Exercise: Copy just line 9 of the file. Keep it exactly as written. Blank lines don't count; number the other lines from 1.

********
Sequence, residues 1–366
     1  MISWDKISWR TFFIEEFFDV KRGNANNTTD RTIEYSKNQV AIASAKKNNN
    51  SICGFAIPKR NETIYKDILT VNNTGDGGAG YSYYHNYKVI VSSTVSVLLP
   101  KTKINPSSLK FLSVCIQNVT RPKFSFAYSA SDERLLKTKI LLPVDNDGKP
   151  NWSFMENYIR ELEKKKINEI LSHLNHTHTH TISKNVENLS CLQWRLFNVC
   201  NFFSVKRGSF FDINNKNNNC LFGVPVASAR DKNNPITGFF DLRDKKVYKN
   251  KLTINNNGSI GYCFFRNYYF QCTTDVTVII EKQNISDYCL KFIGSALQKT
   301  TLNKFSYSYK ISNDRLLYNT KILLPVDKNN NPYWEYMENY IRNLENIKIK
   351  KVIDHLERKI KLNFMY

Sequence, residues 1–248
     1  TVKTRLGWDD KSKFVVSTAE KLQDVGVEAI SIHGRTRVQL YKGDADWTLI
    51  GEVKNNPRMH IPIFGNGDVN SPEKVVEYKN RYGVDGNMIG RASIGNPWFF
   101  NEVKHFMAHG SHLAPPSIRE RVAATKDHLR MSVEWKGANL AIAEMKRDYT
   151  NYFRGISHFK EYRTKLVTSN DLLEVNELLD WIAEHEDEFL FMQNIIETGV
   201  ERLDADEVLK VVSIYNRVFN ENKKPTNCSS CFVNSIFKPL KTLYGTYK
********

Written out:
   351  KVIDHLERKI KLNFMY